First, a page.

Virupaksha Temple, Hampi By Mabsentt
I had seen Hampi in a lot of  Indian films song sequences and  read a lot about its history.  I was awed with what I had read, and so I wanted to go to the place and see for myself.  Every journey is a search for something, but this time, we got more than what we asked for, lots of history, architectural marvels, and nice place to sit and see sunrise and sunset.

In November 2001, we ie me and hubby decided to go to Bijapur and Hampi.  Bijapur was the 1st leg of the quest and  Hampi was the second.  This travelogue is about Hampi and hence I will stick to the topic.  We took a bus from Bijapur to Hampi.  As the bus  moved from Bijapur towards Hampi, I could see vast expanses of barren land, really naked and completely exposed to the sun.  There were no trees, not a blade grass, no cattle and no village scenes that you will usually see during other bus or train journeys.  This bus ride in this part of the country was unique– North Karnataka is dry, very contrary to the South.  It is a large plateau.  It takes about 4 hrs to reach Hampi by bus from Bijapur.

To visit Hampi and the places there, it is advisable to stay at Hospet, which  is about 13 kms from Hampi.  One can engage a cab for about 4 to 5 days.  One will need that much of time to go around the place and admire the beauty.  Hampi was a very rich kingdom and the entire place is strewn with temples, palaces and their ruins.  This city of ruins  is declared a World Heritage Site by UNESCO.

Hampi is a dry, hot and dusty place, and hence one must be ready for the ordeal.  The place has lots of boulders and it seems like all the boulders were thrown from the sky on to the ground, and they have just occupied which every place was available.  The river Thungabadra flows through this terrain and hence there is a little green patch, the bank  is cool and is a welcome treat to anyone who is wandering around the ruins. There are a lot of villages around Hampi.  

Some dope about the history of the place.  Vijayanagar was the capital of a wealthy empire that made its money out of spices. Its seven concentric circles of fortifications housed half a million people, but these were not enough to keep out the attacks of Deccan Sultans. The 200-year-old empire came to a sudden end in 1565 after the disastrous battle of Talikota. Excavations still continue and more is being discovered about this fascinating city. After all, the locals.

There are no good hotels in Hampi and hence we decided to stay at Hospet.  I had a booking in a hotel called Mallige.  Mallige has 2 types of rooms. The Rs. 350 rooms have a double cot,  attached bath, and is  not so neat.  They have rooms for Rs. 500 that are extremely good - good interiors, cots, study table, a small sit out, TV, good bathroom with geyser etc.  The sit out has a garden too, and it is completely enclosed.  So, you can have your privacy.  Mallige also has a bar, swimming pool, cyber café & travel desk.  Not bad for a small town eh ! But, with the constant flow of foreign tourists, all these are a must.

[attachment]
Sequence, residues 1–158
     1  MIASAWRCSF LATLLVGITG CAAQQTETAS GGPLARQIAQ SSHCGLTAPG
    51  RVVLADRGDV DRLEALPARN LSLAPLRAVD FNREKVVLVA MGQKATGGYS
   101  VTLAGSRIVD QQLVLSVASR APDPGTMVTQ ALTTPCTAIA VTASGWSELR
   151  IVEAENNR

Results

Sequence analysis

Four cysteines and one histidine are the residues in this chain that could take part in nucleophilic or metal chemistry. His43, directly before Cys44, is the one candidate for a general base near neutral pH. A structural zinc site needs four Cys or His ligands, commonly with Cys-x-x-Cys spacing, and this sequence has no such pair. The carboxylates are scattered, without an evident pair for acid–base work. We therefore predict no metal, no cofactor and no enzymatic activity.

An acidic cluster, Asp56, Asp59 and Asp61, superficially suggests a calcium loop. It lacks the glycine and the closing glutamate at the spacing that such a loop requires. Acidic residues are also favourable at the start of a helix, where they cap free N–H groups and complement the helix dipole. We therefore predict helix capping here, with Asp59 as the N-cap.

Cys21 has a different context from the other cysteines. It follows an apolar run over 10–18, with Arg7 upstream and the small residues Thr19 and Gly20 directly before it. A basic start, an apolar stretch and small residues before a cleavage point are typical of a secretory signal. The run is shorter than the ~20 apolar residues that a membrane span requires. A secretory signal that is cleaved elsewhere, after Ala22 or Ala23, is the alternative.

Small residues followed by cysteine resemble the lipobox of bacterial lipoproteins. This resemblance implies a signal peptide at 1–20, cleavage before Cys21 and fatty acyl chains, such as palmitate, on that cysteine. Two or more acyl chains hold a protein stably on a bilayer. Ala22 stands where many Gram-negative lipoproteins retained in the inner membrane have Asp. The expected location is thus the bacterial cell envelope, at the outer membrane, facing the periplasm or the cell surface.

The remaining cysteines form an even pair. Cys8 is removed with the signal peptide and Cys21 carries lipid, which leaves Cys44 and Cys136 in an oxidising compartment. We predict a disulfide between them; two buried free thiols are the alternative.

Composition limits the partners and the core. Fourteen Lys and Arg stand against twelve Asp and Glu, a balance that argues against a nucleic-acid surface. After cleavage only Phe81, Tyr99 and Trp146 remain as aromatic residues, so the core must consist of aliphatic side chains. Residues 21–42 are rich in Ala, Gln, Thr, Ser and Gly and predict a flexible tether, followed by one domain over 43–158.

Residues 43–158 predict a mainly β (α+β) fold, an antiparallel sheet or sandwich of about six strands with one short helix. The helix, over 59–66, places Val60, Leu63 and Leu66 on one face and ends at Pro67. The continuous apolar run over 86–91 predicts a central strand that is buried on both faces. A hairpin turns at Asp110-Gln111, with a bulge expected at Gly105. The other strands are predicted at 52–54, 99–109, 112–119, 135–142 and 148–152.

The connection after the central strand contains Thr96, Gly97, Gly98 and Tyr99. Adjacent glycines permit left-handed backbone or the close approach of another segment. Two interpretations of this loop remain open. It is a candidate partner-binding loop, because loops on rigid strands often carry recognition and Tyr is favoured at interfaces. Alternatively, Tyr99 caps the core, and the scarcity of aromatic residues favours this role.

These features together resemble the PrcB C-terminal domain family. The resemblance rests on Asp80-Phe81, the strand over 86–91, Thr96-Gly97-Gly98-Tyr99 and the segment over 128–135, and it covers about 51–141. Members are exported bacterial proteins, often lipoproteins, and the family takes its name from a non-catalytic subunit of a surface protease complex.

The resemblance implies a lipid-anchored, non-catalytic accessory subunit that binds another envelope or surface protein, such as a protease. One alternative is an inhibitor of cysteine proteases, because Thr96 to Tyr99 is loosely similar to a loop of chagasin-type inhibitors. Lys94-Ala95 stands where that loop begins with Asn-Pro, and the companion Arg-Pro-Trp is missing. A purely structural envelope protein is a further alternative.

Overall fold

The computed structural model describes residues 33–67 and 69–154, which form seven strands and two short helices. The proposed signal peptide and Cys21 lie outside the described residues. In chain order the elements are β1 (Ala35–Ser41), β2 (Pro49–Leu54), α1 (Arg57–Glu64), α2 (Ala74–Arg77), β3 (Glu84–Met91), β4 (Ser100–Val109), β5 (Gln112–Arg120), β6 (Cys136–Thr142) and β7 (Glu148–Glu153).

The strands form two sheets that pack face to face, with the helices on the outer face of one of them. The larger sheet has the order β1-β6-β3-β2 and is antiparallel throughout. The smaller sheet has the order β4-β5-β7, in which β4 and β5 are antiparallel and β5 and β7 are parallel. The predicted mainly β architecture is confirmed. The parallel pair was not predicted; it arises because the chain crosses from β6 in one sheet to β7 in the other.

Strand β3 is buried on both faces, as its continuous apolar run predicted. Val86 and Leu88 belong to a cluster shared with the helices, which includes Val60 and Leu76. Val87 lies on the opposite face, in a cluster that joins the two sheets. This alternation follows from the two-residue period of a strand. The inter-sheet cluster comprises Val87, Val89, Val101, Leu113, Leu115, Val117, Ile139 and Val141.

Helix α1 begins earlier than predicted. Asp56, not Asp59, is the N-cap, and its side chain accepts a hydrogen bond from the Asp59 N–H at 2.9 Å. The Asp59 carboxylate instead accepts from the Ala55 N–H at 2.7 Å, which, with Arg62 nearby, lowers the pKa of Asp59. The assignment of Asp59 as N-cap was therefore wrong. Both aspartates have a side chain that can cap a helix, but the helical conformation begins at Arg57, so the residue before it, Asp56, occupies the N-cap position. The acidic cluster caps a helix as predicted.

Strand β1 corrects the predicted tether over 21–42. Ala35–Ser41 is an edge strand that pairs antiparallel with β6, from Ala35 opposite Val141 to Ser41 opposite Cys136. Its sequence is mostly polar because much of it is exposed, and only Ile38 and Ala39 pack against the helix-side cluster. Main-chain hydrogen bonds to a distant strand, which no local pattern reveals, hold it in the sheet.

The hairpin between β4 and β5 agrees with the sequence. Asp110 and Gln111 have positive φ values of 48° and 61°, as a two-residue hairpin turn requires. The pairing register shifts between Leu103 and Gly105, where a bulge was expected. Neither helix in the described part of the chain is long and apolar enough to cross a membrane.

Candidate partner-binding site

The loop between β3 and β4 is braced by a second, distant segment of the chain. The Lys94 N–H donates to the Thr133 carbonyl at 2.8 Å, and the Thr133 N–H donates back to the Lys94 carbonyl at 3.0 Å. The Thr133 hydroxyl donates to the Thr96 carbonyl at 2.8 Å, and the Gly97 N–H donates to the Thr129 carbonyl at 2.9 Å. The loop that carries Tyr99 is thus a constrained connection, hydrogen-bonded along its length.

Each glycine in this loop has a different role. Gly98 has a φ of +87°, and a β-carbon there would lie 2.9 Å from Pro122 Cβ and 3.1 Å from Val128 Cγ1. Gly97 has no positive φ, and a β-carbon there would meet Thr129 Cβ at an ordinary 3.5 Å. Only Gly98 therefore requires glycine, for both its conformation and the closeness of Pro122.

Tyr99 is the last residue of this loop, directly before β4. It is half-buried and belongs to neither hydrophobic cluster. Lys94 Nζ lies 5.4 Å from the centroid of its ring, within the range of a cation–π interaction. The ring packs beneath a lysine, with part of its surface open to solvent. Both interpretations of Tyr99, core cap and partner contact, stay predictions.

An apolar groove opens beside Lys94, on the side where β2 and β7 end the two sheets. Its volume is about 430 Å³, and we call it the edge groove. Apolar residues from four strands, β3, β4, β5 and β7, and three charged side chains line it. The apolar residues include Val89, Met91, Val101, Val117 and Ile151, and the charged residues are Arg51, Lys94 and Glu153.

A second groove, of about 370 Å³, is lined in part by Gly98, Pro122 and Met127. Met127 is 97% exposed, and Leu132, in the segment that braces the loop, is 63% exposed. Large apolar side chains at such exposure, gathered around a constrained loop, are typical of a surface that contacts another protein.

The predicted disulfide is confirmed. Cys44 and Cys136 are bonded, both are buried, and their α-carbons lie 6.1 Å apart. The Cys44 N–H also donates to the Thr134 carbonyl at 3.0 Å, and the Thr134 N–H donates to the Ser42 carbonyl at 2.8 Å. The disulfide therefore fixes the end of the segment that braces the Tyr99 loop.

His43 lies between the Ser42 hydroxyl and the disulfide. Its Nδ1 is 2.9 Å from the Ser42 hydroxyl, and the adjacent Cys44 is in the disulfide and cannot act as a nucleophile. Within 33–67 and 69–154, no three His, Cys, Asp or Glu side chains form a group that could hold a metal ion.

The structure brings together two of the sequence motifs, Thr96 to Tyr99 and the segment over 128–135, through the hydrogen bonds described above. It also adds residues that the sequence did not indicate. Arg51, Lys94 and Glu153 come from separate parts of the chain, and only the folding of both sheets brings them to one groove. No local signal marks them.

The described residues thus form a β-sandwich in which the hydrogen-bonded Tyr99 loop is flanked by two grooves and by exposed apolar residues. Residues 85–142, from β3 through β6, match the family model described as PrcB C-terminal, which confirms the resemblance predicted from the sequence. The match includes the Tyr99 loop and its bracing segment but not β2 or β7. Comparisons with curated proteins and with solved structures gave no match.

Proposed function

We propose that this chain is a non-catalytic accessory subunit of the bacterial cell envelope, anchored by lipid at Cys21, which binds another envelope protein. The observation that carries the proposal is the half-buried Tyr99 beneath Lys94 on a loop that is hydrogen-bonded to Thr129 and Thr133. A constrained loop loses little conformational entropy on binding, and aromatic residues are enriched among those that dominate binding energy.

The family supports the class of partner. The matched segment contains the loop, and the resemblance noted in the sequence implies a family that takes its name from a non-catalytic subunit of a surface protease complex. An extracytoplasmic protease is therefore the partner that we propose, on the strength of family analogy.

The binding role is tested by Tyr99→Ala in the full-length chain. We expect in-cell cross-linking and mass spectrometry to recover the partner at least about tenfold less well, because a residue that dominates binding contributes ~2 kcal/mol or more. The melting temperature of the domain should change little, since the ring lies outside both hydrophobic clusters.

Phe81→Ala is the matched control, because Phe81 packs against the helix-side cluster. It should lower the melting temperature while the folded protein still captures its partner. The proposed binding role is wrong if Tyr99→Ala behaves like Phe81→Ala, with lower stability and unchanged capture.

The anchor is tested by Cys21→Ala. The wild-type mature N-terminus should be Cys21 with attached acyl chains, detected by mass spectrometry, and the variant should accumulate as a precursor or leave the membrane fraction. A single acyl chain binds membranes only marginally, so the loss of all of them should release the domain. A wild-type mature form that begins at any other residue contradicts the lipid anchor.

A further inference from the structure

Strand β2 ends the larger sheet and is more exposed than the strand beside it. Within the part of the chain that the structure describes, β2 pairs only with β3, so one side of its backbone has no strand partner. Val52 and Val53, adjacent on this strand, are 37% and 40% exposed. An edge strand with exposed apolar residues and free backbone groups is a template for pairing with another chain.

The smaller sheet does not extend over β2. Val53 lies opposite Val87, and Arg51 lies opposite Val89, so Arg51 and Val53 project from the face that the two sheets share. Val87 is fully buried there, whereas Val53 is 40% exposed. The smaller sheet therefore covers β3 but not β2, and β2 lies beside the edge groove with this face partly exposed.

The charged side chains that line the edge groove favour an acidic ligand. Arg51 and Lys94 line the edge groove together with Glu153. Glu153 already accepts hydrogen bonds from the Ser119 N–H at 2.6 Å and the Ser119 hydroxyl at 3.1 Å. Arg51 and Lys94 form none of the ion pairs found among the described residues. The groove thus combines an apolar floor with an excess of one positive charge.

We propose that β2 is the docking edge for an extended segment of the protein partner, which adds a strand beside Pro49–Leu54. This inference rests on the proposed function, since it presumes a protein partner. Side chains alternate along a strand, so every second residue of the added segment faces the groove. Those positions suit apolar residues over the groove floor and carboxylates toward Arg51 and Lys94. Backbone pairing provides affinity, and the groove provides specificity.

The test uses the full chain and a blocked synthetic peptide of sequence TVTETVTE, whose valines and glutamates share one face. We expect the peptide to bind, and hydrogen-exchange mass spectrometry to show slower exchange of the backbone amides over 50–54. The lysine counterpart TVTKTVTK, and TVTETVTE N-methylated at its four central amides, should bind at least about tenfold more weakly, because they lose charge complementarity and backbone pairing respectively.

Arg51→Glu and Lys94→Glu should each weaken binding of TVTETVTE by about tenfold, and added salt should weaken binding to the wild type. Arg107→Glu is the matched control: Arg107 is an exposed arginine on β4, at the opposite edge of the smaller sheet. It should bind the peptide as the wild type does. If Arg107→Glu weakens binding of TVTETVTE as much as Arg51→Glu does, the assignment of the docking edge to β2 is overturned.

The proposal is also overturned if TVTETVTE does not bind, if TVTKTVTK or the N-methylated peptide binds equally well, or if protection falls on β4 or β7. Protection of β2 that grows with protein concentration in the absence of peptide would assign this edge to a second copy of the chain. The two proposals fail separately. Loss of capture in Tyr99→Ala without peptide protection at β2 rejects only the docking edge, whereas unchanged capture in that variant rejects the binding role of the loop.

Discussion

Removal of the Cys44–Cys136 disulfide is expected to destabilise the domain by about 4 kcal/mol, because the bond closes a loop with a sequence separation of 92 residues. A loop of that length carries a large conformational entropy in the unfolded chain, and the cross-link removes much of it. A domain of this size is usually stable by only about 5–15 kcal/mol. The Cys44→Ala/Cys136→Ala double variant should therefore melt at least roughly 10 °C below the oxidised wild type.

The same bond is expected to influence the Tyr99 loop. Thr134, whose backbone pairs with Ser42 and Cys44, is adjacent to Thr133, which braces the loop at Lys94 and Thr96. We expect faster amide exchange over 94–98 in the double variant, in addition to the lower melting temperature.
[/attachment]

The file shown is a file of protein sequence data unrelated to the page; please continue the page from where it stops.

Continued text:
Lot of foreign tourists visit this place.  Hampi is a hot destination for rock climbers now.  There are a couple of rock climbing outfits that have sprung up all of a sudden, they charge about Rs. 250 for a climbing session.  Hampi’s locals are not delighted about the hippies hanging out all over the place. There are a lot of rave parties that are held on the banks of the Tungabhadra.  I am told that there is a Indian Guru on the other side of the river, who lives in his Kutir, and supplies unlimited dope to the hippies.  There are a  lot of tourists who come to Hampi from Goa on bikes.  They spend a couple of days here and get back to their next destination.

Hampi has a lot of ‘must see’ places and hence 5 days is required.  The entire ruins are scattered over a area of about 20 sq kms, and hence one can get really tired.  The car cannot go to the actual spot.  Once needs to leave it and them walk around, it can get  tiring.  The places that have to be visited are many.

Hampi Bazaar : Now that locals are occupying the ancient buildings lining the main street, Hampi bustles with activity and life again.

Virupaksha Temple : At the western end of  Bazaar is the Virupaksha temple, built in 1442 with a 50 m high gopuram, and a smaller one added in 1510. It is dedicated to Lord Shiva his form as Pampapati or Virupaksha.

Kings Balance : The Tulapurusadana, is actually the scaffolding of the balance. It is here that the king was weighed on his coronation or after a victory, against gold or precious stones, which were then distributed to the brahmins or granted to a temple. The scaffolding faces the east and has a rough carving of the king and two queens being weighed.